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Towards Visualization of Simulated Occupants and their Interactions with Buildings at Multiple Time Scales (2:55 min.)
Video title (x:xx min.)
While most building simulation tools model occupancy using simple 24-hour profiles, researchers are applying machine learning and other advanced modeling approaches to simulate individual occupants and their interactions with buildings. For building designers to fully benefit from these increasingly advanced occupant models, visualizations must ultimately reveal subtle yet informative patterns contained in the simulation results. As a step in this direction, we focus on 3D animation and the challenges that arise when multiple time scales are involved. Specifically, we explore the use of stylized computer animation to clarify occupant movement, the use of cueing to draw attention to key events, and an original clock widget to consolidate time-related information.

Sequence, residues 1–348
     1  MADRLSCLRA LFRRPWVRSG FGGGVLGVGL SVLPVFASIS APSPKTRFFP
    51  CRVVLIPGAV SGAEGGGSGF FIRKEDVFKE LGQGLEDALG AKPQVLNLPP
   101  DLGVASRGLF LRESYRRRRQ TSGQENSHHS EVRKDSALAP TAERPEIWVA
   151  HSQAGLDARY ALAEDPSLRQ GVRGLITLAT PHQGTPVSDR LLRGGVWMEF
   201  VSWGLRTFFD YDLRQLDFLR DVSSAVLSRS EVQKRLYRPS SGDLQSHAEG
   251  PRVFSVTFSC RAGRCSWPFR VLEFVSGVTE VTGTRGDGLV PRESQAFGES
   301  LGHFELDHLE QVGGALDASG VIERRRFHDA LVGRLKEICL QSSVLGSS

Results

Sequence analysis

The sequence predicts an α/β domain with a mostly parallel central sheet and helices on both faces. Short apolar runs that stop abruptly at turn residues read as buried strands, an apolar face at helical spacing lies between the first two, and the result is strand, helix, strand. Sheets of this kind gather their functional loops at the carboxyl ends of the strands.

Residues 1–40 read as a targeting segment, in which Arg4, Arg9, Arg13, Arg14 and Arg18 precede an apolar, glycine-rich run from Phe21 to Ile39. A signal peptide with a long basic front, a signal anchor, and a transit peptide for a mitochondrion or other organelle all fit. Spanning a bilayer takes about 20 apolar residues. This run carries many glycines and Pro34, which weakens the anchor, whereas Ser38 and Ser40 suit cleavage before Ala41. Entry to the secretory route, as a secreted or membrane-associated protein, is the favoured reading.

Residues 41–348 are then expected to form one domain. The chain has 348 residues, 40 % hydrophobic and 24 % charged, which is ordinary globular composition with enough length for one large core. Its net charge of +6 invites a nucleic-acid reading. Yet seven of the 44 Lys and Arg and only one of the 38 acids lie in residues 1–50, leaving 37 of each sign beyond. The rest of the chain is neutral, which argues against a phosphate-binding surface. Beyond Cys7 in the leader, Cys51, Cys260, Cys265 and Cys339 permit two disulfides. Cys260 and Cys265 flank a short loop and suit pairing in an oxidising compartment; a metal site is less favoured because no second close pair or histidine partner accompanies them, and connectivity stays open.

Buildings are the largest consumers of energy responsible for 48% of all Green House Gas (GHG) emissions. Due to the complexity and multidisciplinary aspects of architectural design, construction, urban design, and building occupant behavior, simulation has gained attention as a means of addressing this enormous challenge. The idea is to model a building’s many interacting subsystems, including its occupants, electrical equipment, and indoor and outdoor climate. With simulation results in hand, an architect is better able to predict the energy demand associated with various designs, and choose from among the more sustainable options.
Visual data representations leverage the power of human perception to process complex information, and through interaction, garner new insights. Our research focuses on visualizing data from a wide variety of domains and fundamentally tackles the question, what makes a visualization effective? We explore novel visual encodings and interaction techniques, multiscale approaches, and even simulation to bridge human and automated analysis of multivariate, time-series, and graph data, ultimately aiding in hypothesis generation, testing, and sense making.
This project investigates the properties and qualities of multiscale datasets in an effort to gain critical insights needed, in user experience and understanding, to make progress in increasingly complex contexts.